Neurological surgeons are medical professionals who diagnose, treat, consult, and operate on patients with various neurological diseases and disorders. Many surgeons have a broad knowledge of the anatomy and physiology of the human central and automatic nervous systems, and are capable of performing a number of invasive and noninvasive procedures. Some professionals specialize by treating specific brain disorders or cancers. Neurological surgeons must undergo several years of medical school and practical training before practicing independently in a hospital, surgical center, or private practice.
People with tumors, severe head injuries, or any number of neurological disorders depend on the skills of experienced surgeons to determine the nature of their problems and treat them accordingly. Neurological surgeons must be thorough and delicate in their examinations and treatments, as undiscovered disorders or misdiagnoses can often be life-threatening. Experienced neurosurgeons usually operate on patients by appointment, though they may be required to perform emergency surgeries in the event of a stroke or aneurysm.
Most licensed neurological surgeons employ advanced medical technology to scan for and treat physical disorders. A surgeon may use magnetic resonance imaging and positron emission tomography machines to investigate a patient's brain. He or she interprets printouts to determine the presence of tumors or other unnatural developments. Some machines allow surgeons to track activity in the brain and spinal cord, so they may determine the location of problems. Neurological surgeons often use computer-controlled robotic equipment and laser devices to perform actual surgeries.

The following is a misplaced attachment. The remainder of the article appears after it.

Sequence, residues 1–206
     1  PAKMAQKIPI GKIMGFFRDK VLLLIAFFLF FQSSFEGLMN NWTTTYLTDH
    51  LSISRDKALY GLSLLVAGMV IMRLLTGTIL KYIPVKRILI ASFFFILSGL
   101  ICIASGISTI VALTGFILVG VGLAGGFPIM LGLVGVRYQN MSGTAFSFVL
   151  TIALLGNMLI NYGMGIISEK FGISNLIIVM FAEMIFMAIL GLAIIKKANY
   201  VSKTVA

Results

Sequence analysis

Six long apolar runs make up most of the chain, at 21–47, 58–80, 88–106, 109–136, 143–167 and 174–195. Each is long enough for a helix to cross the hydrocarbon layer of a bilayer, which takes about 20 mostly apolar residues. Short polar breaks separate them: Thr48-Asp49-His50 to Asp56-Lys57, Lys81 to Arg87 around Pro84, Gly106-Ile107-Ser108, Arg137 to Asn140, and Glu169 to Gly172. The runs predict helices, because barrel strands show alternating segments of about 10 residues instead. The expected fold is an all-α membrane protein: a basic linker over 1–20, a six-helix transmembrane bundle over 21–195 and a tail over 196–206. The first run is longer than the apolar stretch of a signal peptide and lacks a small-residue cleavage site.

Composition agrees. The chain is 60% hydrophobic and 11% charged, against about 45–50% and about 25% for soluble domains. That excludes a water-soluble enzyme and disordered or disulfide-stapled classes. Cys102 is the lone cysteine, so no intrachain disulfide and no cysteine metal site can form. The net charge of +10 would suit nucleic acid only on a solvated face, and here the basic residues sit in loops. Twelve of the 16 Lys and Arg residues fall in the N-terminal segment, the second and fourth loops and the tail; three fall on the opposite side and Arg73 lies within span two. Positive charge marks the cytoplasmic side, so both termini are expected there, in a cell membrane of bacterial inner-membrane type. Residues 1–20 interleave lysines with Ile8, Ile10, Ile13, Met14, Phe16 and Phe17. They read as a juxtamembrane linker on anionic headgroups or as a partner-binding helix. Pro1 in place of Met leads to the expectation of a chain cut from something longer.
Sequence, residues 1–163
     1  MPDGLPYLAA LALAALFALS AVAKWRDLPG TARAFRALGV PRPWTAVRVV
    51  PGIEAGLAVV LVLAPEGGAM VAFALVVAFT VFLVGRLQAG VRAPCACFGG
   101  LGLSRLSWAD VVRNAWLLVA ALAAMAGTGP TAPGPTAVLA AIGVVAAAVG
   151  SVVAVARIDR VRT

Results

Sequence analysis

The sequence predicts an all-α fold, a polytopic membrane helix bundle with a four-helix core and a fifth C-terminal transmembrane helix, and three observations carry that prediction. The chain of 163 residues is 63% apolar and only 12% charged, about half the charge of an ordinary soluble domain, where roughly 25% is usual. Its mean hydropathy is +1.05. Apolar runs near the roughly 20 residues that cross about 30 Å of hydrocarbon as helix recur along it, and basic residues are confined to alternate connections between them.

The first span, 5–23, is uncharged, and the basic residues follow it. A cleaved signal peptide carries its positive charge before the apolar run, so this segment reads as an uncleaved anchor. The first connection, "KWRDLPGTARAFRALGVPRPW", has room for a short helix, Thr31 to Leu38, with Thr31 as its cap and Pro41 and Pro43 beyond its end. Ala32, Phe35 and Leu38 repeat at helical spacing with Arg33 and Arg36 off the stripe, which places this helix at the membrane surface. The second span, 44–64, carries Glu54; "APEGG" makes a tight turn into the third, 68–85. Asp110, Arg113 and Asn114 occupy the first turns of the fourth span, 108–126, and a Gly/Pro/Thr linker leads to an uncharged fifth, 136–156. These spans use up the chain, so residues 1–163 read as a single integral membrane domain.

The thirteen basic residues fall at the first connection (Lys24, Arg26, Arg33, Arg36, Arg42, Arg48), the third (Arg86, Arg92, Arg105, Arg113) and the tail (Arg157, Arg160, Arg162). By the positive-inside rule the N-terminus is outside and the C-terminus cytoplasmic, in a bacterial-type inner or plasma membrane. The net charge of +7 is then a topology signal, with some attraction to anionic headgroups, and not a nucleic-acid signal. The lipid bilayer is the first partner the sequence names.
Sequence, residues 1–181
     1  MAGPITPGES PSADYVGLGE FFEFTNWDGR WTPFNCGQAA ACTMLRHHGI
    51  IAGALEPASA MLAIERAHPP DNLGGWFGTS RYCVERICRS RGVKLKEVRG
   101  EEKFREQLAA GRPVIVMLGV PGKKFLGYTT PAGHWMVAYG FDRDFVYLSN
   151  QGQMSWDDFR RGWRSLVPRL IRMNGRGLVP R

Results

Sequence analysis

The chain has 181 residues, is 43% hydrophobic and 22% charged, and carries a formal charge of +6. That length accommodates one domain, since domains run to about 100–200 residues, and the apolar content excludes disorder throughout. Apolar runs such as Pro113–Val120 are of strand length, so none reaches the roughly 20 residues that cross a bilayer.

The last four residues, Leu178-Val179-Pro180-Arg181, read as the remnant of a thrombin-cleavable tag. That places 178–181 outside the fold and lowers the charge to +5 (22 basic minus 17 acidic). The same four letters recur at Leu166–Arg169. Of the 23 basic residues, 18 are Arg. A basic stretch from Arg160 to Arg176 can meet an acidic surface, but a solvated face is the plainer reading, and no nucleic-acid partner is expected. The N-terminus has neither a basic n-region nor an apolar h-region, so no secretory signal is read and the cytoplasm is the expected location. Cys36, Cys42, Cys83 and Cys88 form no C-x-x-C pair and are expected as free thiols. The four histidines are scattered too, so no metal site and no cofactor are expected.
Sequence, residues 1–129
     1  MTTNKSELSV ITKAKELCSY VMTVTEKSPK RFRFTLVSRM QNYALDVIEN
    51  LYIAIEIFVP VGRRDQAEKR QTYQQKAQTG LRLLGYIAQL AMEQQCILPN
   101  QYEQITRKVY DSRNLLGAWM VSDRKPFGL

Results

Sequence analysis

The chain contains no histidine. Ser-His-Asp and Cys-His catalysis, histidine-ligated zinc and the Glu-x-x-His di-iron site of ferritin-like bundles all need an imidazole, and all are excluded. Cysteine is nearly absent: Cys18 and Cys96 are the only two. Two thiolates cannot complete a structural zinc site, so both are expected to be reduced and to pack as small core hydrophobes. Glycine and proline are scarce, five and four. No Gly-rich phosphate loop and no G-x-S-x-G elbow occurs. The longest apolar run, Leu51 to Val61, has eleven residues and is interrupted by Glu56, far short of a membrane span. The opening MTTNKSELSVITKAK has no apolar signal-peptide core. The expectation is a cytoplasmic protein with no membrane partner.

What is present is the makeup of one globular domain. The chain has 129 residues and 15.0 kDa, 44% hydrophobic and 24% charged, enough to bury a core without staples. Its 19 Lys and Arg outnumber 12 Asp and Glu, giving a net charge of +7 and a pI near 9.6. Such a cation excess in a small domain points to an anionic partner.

To become a neurological surgeon, a person must fulfill lengthy educational and training requirements. A prospective neurosurgeon must typically obtain a PhD in neurosurgery from an accredited medical school, which usually consists of seven to eight years of classroom, laboratory, and practical instruction. Upon completion of medical school, a graduate usually works as an intern for about a year at a hospital or surgical center, where he or she observes experienced surgeons and receives intensive hands-on training. After an internship, a new surgeon assumes a residency position for five to seven years. A new surgeon must pass an extensive written examination at the end of his or her residency to gain a license to practice independently.
With an expanding population and the development of new technology in surgical tools and techniques, the demand for qualified neurological surgeons is strong. Those who are able to complete the exhausting educational and residency requirements usually find work with ease in major hospitals and specialty surgical centers. Experienced neurological surgeons often choose to open their own practices after building strong reputations for quality care.